World Cup Guide Group G: Brazil, Portugal, Côte d-Ivoire, North Korea

06/11/2010 08:59 pm ET | Updated May 25, 2011

Here is an introduction to the four teams in Group G, with their FIFA rankings in parentheses

Group G
Brazil (1)
Portugal (3)
Côte d-Ivoire (27)
North Korea (105)

Having Brazil, Portugal and Côte d-Ivoire in the same group should guarantee some juicy matches, with North Korea providing an exotic element.

Brazil and Spain are the two betting favorites to take it all. Brazil is the only nation to win the World Cup five times (1958, 1962, 1970, 1994 and 2002). Their record would be even better if they didn't have to face France, which knocked them out in the 1986 quarter-finals, the 1998 final and the 2006 quarter-finals. The Brazilians must be greatly relieved that Zinedine Zidane has retired, as the French star scored two goals in that 1998 final and controlled the match that ousted Brazil in 2006.

For the 2010 World Cup, Brazil finished first in the South America qualifying tournament, securing their spot with three matches to spare by defeating arch-rival Argentina 3-1 in Argentina. They also won the 2009 Confederations Cup held in South Africa, coming from behind to beat the US in the final. The Brazilian squad is packed with great players, including Luis Fabiano, who was the leading goal scorer at the Confederations Cup; three starters from Italian league champion Inter Milan, goalkeeper Júlio César, and defenders Malcon and Lucio; and midfielder Kaka (2007 FIFA World Player of the Year), who plays for Real Madrid.

Coach Dunga's selection of the World Cup squad was a topic of national importance in Brazil, as he chose to bypass star midfielder Ronaldinho. Even Brazilian President Lula weighed in, supporting Dunga's decision because Ronaldinho was not a team player. So, in the end, Ronaldinho, a two-time FIFA World Player of the Year, was good enough to be featured in Nike's 2010 World Cup Ad, but not good enough to make the Brazilian squad.

Portugal will be led by 2008 FIFA Player of the Year, Cristiano Ronaldo. Portuguese soccer gets a lot of attention, but their World Cup record is slim. Portugal has made it out of group play only twice, advancing to the semi-finals in 1966 and in 2006. As well as they performed in the last World Cup, the Portuguese were not fun to watch. They swept through group play, defeating Angola, Iran and Mexico. But when they reached the knockout stage, they did not win over many fans.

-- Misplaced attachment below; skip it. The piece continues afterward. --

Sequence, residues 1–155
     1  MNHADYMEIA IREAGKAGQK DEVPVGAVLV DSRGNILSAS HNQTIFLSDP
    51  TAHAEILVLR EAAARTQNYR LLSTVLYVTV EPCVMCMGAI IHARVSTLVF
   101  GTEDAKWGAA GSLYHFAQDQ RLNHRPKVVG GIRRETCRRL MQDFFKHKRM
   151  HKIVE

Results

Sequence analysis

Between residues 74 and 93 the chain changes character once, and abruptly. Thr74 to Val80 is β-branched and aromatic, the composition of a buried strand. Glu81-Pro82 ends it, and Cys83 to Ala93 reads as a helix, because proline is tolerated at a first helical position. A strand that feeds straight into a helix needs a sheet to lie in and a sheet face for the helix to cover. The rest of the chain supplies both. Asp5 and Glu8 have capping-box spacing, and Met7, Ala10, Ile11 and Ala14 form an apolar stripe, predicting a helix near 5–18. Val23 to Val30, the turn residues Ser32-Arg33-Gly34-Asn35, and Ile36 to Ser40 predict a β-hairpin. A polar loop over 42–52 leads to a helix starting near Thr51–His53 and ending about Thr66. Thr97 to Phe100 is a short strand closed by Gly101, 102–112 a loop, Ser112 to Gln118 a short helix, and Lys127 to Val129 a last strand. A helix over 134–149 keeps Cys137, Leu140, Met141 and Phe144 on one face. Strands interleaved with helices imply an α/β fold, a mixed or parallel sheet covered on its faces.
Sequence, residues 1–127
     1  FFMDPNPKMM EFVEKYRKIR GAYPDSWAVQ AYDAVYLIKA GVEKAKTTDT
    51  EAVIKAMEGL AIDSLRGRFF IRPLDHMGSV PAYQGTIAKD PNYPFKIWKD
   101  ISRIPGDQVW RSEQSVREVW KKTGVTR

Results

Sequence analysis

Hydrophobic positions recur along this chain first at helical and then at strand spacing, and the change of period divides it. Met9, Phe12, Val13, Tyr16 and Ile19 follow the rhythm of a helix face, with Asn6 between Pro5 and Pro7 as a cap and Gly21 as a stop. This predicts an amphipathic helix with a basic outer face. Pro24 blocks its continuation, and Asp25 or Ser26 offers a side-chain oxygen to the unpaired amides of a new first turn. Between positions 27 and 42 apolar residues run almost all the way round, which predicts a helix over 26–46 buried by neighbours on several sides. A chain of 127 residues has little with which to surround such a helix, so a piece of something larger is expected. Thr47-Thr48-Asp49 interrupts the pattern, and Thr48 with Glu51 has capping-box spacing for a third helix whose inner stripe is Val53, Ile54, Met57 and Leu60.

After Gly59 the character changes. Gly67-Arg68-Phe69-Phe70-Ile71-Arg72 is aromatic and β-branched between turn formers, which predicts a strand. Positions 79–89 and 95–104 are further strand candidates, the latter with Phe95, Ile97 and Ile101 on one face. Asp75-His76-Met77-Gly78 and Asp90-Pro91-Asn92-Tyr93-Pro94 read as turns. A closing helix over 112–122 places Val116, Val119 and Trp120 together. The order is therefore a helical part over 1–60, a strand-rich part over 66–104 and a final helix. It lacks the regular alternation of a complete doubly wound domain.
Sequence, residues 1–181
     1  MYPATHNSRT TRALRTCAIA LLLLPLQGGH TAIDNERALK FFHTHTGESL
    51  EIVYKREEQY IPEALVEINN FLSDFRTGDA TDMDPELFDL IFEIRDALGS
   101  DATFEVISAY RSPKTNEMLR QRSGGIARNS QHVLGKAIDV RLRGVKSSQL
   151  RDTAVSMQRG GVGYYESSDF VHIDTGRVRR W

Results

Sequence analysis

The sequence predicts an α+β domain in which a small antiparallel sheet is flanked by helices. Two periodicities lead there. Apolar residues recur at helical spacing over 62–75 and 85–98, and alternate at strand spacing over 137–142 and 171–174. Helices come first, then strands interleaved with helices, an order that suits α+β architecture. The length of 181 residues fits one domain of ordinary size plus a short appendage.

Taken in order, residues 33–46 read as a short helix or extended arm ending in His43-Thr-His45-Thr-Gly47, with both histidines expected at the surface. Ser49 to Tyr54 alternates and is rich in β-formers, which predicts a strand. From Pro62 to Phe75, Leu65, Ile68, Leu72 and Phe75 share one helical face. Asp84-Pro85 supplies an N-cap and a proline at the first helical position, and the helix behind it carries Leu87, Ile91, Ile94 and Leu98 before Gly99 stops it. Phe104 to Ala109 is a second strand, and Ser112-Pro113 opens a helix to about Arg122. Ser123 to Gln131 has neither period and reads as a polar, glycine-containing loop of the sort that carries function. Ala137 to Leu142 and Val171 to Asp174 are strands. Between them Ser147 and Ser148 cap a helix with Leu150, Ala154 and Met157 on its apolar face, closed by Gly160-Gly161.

In the round of 16, they beat the Netherlands 1-0 in a display of record-setting ugliness, with sixteen yellow cards, nine shown against Portugal. Both teams finished the match will only nine players. At one point, their captain, Luis Figo, head-butted Holland's Mark van Bommel in the face and was given only a yellow card. Considering that two weeks later in the final, France's Zinedine Zidane was red-carded for a head-butt to the chest, Figo and his team got off lucky. In the quarter-finals, Portugal defeated England on penalty kicks, in a match in which Wayne Rooney was sent off for stepping on Ricardo Carvalho's groin. Portugal finally met their match in the semi-finals, beaten 1-0 by France on a penalty kick by Zidane. In the third-place match, Portugal was defeated by Germany 3-1.

This time around, the Portuguese barely qualified. They dug themselves a big hole, losing at home to eventual group winner Denmark and being held to scoreless draws at home by Albania and Sweden. In the end, they edged out the Swedes for second place by one point, and then got lucky in the play-off, drawing Bosnia-Herzegovina, whom they defeated 1-0 twice. Since then, the Portuguese have stayed away from serious competition, their only match of note being a June 1 3-1 defeat of Cameroon at home. So their opening match against Côte d-Ivoire should be intriguing.

Côte d-Ivoire
Côte d-Ivoire was impressive in African qualifying, winning eight matches and drawing four, and outscoring their opponents 29-6. This year they were beaten in the quarter-finals of the Africa Cup of Nations by Algeria 3-2 in overtime. They also lost a friendly in London to South Korea 2-0, tied Paraguay in France 2-2 and beat Japan in Switzerland 2-0.